Androgen receptor splice variant 7 (AR-V7) mRNA level testing in whole blood is a simple and promising “liquid biopsy” approach for predicting a poor treatment outcome in patients with metastatic castrate-resistant prostate cancer (mCRPC) undergoing treatment with abiraterone (ZYTIGA) or enzalutamide (XTANDI), said senior author Matthias Heck, MD, at the AUA annual meeting in San Francisco.
“A study published in 2014 showed that AR-V7 expression in circulating tumor cells predicted treatment resistance to abiraterone and enzalutamide in men with mCRPC. However, the detection of CTCs is complicated and involves a sophisticated work-up,” said Dr. Heck, of Technical University of Munich, Munich, Germany.
“Tumor-specific RNA can also be detected in blood fractions other than CTCs. We sought to develop a practical and robust liquid biopsy approach for the direct quantification of AR-V7 in peripheral whole blood without the need for CTC capture.”
Absolute quantification of the AR-V7 transcripts is performed using droplet digital polymerase chain reaction. Evaluation of the method’s performance for predicting treatment resistance in mCRPC patients was done in a study that included 85 patients with mCRPC who were scheduled to begin a new line of treatment with abiraterone (56 patients) or enzalutamide (29 patients); prior systemic treatment for mCRPC included abiraterone or enzalutamide in 24 (28%) patients. Twenty-eight healthy males age <40 years were included as a control group to determine background levels of the AR-V7 and AR full length transcripts in peripheral whole blood.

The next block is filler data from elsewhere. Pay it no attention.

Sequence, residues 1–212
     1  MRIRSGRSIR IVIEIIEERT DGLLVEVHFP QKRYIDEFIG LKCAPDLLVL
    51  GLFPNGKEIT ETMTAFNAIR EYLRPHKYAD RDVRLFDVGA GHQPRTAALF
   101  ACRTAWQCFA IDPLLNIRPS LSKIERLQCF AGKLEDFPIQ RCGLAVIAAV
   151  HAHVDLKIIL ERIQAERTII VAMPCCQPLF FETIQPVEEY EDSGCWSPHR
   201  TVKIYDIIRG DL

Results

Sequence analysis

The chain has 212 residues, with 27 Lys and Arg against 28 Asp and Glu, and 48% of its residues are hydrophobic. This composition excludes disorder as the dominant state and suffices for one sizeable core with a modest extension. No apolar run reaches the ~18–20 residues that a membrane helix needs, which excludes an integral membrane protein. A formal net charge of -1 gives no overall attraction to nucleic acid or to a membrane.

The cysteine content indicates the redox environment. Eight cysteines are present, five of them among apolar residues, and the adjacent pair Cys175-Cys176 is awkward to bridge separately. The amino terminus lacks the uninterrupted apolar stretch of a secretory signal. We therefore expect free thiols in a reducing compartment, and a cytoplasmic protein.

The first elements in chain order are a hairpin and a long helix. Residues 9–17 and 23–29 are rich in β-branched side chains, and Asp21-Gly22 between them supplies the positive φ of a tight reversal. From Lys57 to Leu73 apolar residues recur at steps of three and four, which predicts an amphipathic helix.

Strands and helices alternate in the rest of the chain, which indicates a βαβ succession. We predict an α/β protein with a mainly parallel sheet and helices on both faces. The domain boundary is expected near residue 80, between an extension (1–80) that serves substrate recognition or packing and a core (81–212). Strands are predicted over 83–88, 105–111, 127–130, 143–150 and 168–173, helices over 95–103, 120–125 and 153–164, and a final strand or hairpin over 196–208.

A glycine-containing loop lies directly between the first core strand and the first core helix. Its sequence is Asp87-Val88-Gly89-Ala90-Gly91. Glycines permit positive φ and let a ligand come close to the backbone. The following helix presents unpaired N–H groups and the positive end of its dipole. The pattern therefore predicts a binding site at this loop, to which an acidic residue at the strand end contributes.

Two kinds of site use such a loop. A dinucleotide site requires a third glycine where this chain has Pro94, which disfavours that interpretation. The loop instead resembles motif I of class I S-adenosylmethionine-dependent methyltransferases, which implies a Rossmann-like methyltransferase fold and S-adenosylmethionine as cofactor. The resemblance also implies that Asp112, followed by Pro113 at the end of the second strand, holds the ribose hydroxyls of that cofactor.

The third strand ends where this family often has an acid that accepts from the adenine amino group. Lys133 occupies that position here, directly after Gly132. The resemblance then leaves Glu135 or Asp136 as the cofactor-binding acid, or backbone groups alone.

After adjustment for the finding that AR-V7 was detectable in 18 control subjects, the mCRPC patients were divided into two groups for having low (70 patients, 82%) or high (15 patients, 18%) AR-V7 expression.
PSA response, defined as a ≥50% decline, was analyzed as the main marker for categorizing patients as being responsive or resistant to abiraterone/enzalutamide treatment. None of 12 evaluable mCRPC patients in the low AR-V7 group achieved a PSA response compared with 31 (49%) of the 63 evaluable men with low AR-V7 expression in whole blood.
“A multivariable analysis confirmed that AR-V7 status independently predicted PSA response,” Dr. Heck reported.